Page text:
|Acrylics, vintage papers, digital imagery on 10x10 stretched canvas|
I diverged quite a bit from the lesson, meaning I took what I liked from it and left the rest behind. I'm very happy with this piece, and the second, which I'll post in the next day or two. Largely because I feel I'm onto something here.
My use of digital images was intended to replace the lesson's use of copyright free designs transferred onto the painted surface. In order to transfer photo imagery with medium, the images must be toner or laser copied. I don't have access to a laser printer and I'm too lazy to take images to the local copy shop. That transfer-with-medium process is hit or miss anyway, it often doesn't work well.
I'd much rather use my own imagery to begin with, and I'd already discovered making and using tissue paper transparencies. There is one image in this piece, a historical photo of a New York street scene on the left, that isn't my own. Everything else here, and everything going forward, will be my own imagery.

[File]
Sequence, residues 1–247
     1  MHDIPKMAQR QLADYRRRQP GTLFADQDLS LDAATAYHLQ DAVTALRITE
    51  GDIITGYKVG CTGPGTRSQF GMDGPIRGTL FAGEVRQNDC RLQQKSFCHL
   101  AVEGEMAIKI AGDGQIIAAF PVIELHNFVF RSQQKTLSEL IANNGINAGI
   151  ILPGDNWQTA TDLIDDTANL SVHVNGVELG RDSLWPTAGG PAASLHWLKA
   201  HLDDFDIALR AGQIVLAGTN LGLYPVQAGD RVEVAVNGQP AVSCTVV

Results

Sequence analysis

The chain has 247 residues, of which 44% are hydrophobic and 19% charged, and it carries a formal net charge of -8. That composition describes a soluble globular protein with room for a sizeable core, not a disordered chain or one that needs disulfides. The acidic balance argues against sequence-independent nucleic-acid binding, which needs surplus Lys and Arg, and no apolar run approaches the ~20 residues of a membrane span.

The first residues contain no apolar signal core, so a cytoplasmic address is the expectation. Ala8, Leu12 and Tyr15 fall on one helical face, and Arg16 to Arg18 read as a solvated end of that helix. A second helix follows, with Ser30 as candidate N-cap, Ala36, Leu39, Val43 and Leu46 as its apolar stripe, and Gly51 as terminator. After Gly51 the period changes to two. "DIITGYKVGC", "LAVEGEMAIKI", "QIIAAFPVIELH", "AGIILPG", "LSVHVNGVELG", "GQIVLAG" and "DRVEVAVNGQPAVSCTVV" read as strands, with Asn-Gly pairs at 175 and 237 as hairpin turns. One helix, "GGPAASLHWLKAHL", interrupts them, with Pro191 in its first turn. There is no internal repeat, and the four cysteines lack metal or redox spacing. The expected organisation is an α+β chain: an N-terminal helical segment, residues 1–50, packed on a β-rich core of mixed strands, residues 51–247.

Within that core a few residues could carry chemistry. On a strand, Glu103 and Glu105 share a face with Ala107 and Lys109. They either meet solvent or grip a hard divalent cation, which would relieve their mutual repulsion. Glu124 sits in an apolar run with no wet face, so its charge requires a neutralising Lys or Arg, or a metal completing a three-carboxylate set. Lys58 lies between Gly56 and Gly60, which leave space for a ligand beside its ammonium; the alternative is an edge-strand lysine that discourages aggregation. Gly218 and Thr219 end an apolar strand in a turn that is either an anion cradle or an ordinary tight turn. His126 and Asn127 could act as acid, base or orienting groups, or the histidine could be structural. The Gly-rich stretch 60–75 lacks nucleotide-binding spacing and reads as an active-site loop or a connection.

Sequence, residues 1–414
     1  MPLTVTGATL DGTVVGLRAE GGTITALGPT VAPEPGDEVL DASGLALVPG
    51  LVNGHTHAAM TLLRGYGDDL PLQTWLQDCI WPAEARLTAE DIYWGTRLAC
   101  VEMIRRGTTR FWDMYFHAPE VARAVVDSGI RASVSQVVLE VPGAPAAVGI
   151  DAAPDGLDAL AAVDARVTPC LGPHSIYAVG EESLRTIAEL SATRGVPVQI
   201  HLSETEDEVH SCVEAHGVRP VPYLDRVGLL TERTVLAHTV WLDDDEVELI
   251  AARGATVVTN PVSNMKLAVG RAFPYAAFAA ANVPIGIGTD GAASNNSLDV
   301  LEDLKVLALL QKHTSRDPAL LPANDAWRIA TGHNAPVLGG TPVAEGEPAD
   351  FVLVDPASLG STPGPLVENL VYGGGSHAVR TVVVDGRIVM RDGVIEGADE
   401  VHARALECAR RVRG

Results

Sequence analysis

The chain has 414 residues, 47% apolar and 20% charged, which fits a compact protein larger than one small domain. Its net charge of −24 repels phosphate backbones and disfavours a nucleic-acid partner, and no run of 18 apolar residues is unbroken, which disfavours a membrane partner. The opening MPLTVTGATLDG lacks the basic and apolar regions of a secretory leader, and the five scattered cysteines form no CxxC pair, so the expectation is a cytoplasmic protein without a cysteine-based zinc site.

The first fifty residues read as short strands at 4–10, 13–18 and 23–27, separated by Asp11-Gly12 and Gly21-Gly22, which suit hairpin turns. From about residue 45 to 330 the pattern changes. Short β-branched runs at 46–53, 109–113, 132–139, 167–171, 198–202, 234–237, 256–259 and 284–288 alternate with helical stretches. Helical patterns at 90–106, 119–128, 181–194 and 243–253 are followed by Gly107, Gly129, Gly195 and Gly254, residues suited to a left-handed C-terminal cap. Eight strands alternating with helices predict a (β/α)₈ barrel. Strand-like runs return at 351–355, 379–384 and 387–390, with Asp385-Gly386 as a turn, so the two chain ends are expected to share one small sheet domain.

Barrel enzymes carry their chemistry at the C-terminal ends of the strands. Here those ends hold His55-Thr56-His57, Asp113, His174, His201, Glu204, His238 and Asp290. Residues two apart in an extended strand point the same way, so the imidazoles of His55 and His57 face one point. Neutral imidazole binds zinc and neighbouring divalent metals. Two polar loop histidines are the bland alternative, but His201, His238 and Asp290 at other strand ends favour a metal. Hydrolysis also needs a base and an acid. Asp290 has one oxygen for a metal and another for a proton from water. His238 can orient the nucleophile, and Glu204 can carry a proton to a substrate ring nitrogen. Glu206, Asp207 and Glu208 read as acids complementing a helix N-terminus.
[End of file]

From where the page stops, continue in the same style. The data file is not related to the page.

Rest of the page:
The images I'm using are photos I took during my surface-design phase, largely images of fabrics that I designed. I turn off the colors of an image, i.e. make it gray scale. Depending on the dark to light balance, I might invert the image, i.e. turn it into a negative of itself. Then I print on tissue paper, cut to size, that has been ironed onto freezer paper also cut to size. I just put the sheets into my inkjet printer. It can be dicey separating the tissue from the freezer paper but it just takes patience. The white areas of the tissue, then, are totally transparent.
I've thought about doing the same thing with deli paper, but I don't care for its translucency. When I took Jane Davies' classes a while back, I painted shapes on both deli and tissue papers, to adhere with medium over painted areas on some pieces. I always prefer using the painted tissue papers because the white areas essentially melt away visually, whereas the deli papers leave a haze.
In addition to the second piece that I did for the lesson, I have three more similar paintings in process.